Shared digital platforms could help firms tackle fraud
FINANCIAL firms should come together to create shared digital platforms to crack down on fraud, cut costs and boost customer service, a report claims.
A new report by TheCityUK and Deloitte, called ‘Splitting the Bill – The role for shared platforms in financial services regulation’, said that government, regulators and financial firms should work together to develop shared platforms, so they could more efficiently tackle customer background checks, regulatory reporting and fraud prevention.
It added that the UK’s world-leading fintech sector has the innovative skills needed to create these platforms and export these to other nations boosting the economy.
The report, commissioned by the Financial Services Trade and Investment Board, looked at the potential use of shared platforms across services such as trade finance, collateral management and syndicated loans processes.
It found that two areas – know your customer (KYC) and regulatory reporting – merited further study and investigation.
Read more: UK government unveils first fintech strategy
The analysis stated that KYC, which must be carried out by financial services organisations before they can take on customers is at present a “manual and intensive” process. For customers that are shopping around for services, or who have complex requirements, the process may need to be carried out by many potential providers.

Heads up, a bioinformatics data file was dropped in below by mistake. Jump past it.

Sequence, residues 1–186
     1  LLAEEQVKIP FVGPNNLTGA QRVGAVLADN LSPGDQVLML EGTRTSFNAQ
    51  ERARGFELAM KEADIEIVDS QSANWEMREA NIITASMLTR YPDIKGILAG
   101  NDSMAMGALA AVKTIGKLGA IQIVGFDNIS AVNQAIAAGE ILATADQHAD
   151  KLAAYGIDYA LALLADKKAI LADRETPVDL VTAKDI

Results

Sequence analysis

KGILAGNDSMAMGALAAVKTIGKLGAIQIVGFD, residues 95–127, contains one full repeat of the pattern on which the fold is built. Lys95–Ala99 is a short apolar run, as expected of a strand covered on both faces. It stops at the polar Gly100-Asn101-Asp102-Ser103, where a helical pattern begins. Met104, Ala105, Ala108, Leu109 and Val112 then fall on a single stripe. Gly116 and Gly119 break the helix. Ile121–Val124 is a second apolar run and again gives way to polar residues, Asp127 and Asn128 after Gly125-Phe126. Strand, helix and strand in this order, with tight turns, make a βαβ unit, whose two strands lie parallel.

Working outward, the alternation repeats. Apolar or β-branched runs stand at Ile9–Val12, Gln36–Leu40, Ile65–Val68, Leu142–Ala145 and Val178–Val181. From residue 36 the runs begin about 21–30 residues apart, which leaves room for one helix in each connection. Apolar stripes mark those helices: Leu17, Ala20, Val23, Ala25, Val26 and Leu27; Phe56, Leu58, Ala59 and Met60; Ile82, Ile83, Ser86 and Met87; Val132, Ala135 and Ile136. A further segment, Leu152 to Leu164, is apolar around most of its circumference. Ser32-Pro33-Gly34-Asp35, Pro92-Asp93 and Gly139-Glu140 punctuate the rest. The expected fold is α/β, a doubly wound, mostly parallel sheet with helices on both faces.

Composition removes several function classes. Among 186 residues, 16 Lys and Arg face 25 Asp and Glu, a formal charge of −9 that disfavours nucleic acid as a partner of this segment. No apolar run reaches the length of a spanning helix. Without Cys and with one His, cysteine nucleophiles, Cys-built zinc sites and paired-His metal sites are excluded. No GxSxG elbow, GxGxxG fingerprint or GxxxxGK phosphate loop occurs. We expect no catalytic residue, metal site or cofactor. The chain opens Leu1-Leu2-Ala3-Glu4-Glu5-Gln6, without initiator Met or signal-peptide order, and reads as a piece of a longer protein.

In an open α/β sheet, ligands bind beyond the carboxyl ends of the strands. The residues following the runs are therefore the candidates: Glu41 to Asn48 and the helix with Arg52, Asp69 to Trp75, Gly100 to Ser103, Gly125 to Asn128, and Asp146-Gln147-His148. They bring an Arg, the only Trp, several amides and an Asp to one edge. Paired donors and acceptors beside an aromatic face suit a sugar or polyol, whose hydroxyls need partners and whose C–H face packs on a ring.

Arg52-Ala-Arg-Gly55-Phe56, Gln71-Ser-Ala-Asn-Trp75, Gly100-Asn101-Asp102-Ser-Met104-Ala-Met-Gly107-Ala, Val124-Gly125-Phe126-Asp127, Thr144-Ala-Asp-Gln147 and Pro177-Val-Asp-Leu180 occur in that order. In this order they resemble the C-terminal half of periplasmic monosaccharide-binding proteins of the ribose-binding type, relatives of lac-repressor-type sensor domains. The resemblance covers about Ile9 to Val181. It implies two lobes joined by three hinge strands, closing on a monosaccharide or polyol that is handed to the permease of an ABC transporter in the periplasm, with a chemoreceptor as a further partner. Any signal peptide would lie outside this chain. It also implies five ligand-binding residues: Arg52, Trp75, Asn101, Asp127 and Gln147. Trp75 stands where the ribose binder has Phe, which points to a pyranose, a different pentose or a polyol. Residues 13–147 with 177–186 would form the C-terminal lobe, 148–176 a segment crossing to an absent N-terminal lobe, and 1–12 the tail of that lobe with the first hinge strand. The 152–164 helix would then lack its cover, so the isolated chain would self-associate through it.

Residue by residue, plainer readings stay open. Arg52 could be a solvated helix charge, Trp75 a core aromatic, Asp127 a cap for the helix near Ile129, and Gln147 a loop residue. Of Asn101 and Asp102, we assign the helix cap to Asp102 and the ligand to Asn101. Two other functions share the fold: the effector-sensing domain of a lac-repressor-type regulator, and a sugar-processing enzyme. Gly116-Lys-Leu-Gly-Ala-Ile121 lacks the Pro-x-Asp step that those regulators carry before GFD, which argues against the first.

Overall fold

By sharing the data on a single platform firms could increase the speed and accuracy of customer checks and reduce operational and administrative costs.
It would also help disrupt and prevent potentially criminal activity, money laundering and fraud.
Despite some concerns over data integration and security, the report recommended the establishment of a working group involving government, regulators and industry to look at potential models.
A similar working group should also be formed to look at a shared platform – based on a distributed or shared ledger – for regulatory reporting to help standardise and automate financial service regulations.
It would also allow firms to submit data on an ongoing basis, rather than waiting for periodic submissions. A shared platform approach would, in addition, help to improve consistency and avoid time consuming double analysis and unnecessary follow up requests, the report said.
“Financial services firms face many new and diverse challenges – from the complexities of the data revolution, to the threat of cybercrime, and increasing customer expectations for quicker and more bespoke services,” said Miles Celic, chief executive of TheCityUK.
Louise Brett, head of fintech at Deloitte, said developing new shared digital platforms could reduce costs, increase regulatory efficiency, and improve customer experiences.
“New digital platforms with regulatory backing have the potential to bring significant strategic benefits to both incumbents and our leading fintech industry, greater transparency and better customer outcomes,” she added.